You’ve probably had your ears pop on a flight or experienced a blocked ear from a cold. Ear pressure can be uncomfortable and downright painful sometimes. So how do you fix the problem quickly and painlessly?
You don’t always need antibiotics or ear irrigation to fix an earache. Sometimes, all it takes is a few easy-to-remember tips and tricks – and they’re all together in this handy list that follows!
Why Do You Feel Ear Pressure?
The discomfort or pain from ear pressure is because of a pressure difference between the outside of your eardrum and the inside. This could be the result of ear damage or due to changes in altitude when you’re driving high up in the mountains, scuba diving, or, more commonly, flying. Some people also develop ear pressure problems when they have an upper respiratory infection, a cold, or an allergy and their Eustachian tubes, which connect the middle ear to the upper throat, are blocked.1
Depending on what’s causing your ear pain and pressure, one or more
To relieve ear pressure:
Your middle ear should have air pressure that’s at the same level as the air outside your ear. When that isn’t the case and you experience pressure in the air, the simple act of swallowing can help. This opens up your Eustachian tube so that air can flow in/out of your middle ear, thereby equalizing the pressure on both sides of the eardrum.3
Working in much the same way as swallowing does, yawning helps open up your Eustachian
Try The Neti Pot
The neti pot is a nasal irrigation device used widely in Ayurvedic treatments. Distilled or sterile water with a spoon of salt is used for the treatment. You need to take in the saline water from one nostril and bring it out of the other, thereby cleansing and clearing the nasal passage. You could learn how to do this correctly with the help of a trained therapist.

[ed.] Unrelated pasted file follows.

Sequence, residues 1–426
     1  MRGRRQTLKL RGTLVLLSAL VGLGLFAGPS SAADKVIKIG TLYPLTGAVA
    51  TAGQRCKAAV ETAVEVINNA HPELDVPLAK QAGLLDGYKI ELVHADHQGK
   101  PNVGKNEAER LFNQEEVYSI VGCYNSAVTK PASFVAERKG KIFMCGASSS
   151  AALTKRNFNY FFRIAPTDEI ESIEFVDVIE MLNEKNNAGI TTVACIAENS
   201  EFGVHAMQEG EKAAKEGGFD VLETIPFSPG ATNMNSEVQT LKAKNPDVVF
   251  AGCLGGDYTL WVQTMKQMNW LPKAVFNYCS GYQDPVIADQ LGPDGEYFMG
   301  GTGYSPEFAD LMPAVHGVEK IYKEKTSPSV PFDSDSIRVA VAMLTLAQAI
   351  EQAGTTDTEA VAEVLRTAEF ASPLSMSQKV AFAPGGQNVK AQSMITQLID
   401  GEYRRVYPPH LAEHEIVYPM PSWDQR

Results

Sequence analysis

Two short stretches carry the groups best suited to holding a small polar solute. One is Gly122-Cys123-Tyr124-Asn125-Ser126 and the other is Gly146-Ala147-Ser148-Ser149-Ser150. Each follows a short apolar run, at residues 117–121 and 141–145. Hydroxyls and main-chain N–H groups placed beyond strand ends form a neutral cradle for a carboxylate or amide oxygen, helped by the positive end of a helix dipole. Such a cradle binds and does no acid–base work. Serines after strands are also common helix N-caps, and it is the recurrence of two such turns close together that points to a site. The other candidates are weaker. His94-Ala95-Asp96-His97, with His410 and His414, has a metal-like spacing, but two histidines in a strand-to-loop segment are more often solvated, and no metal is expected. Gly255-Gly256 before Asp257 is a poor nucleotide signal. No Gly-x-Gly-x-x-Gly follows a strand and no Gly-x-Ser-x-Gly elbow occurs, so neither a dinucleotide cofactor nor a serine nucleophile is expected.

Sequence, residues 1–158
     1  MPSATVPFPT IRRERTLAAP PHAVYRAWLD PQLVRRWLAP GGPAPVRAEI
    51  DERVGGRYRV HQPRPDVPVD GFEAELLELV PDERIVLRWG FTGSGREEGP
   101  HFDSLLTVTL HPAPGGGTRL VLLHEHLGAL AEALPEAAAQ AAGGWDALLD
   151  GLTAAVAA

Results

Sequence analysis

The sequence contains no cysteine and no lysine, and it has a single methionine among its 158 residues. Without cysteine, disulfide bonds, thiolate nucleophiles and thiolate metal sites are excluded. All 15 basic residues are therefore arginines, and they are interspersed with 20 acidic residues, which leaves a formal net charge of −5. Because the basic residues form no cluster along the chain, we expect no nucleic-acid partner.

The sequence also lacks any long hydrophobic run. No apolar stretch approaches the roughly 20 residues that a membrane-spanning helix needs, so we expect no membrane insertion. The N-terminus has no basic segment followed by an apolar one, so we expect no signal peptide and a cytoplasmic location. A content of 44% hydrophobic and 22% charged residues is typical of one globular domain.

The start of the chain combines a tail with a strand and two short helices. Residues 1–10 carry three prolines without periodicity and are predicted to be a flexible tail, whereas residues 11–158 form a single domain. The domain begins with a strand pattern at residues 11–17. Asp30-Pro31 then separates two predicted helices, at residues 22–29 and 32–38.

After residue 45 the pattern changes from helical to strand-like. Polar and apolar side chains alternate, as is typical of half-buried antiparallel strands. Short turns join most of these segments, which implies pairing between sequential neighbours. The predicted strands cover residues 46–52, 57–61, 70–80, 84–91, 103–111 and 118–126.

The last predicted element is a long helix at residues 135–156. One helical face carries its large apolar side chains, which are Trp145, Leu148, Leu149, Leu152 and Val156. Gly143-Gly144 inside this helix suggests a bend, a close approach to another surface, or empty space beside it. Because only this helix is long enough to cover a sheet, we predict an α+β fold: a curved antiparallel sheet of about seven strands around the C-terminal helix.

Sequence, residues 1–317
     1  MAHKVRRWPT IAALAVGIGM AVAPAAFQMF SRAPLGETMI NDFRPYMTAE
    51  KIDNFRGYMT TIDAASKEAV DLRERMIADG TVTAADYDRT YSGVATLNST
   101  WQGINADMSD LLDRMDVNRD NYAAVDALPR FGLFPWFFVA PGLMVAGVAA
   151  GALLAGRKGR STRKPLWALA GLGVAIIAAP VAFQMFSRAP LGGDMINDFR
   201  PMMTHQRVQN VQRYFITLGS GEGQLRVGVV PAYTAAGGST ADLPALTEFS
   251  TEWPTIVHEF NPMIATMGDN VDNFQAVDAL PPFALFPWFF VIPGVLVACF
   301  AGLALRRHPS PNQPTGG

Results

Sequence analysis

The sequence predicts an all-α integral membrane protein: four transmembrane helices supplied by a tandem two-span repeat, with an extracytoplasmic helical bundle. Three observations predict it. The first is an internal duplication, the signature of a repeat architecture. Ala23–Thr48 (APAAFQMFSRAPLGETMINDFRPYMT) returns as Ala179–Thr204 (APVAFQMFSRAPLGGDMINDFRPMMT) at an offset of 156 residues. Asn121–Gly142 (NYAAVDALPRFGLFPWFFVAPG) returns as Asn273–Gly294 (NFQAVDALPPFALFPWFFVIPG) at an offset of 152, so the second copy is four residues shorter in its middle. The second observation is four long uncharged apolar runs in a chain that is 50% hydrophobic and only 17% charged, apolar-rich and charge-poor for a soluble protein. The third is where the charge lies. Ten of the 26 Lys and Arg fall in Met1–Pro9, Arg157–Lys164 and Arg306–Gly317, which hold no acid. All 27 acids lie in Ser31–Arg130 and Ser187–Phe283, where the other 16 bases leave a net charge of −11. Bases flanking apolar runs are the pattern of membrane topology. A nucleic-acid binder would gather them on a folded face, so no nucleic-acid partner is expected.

If your ear pressure is caused by sinusitis or a cold or congestion of some kind, this therapy can go a long way in accelerating healing. This will also help with acute sinusitis that is not complicated or very severe.5
Chew On Candy Or Gum
The old chewing gum trick is a time-tested trick – and with good reason. When you suck on candy or chew gum,
Apply A Warm Compress
If the ear pressure is accompanied by pain, a warm compress can really help. This open up the Eustachian tubes and eases the pain. Just be sure not to make the pad too hot.7 You could simply hold a clean warm flannel against the ear.8
Steam treatment can also act like a warm compress for your ear, especially if the pain or pressure is from a blocked ear from a cold, sinusitis, or because water has gone into your ear. Simply cover your head with a towel and use a steamer for 5 minutes until the muffled sound in your ear clears up. Alternatively, just sit in a bathroom
Hold Your Nostrils Closed
Another ear pressure-relieving trick that’s been passed down through generations is the closed nostril move. Breathe in and then hold your nostrils and mouth shut as you try and exhale. This should create a “popping” sensation and open up the Eustachian tube, letting pressure inside your eardrum balance with the outside.10
However, you should be careful and gentle when you try this one – some people tend to blow too hard and end up hurting their eardrums instead of just easing the pressure. You may be better off using gentler alternatives that don’t expose you to this risk.
See A Doctor If It Persists
For simple pain relief, over-the-counter painkillers like
Preventing Ear Pain And Pressure
While you can’t do much to avoid ear pain from a cold, allergy, or sinus infection, you can minimize your risk of ear problems from altitude or external pressure changes.12
- Sip on water or juice or suck on candy when on a flight or driving in the mountains.
- Avoid sleeping when a plane is about to land.
- Never dive when you have a bad cold or cough or allergic condition.
- When you go scuba diving, ascend and descend slowly. Don’t rush this step. This allows the
|↑1, ↑2, ↑3, ↑4, ↑6, ↑10, ↑12||Ear barotrauma. U.S. National Library of Medicine.|
|↑5||Jefferson, Warren. The Neti Pot for Better Health. Healthy Living Publications, 2005.|
|↑7||Should Your Child See a Doctor?. Seattle Children’s.|
|↑8, ↑11||Earache. National Health Service.|
|↑9||Sinusitis in adults – aftercare. U.S. National Library of Medicine.|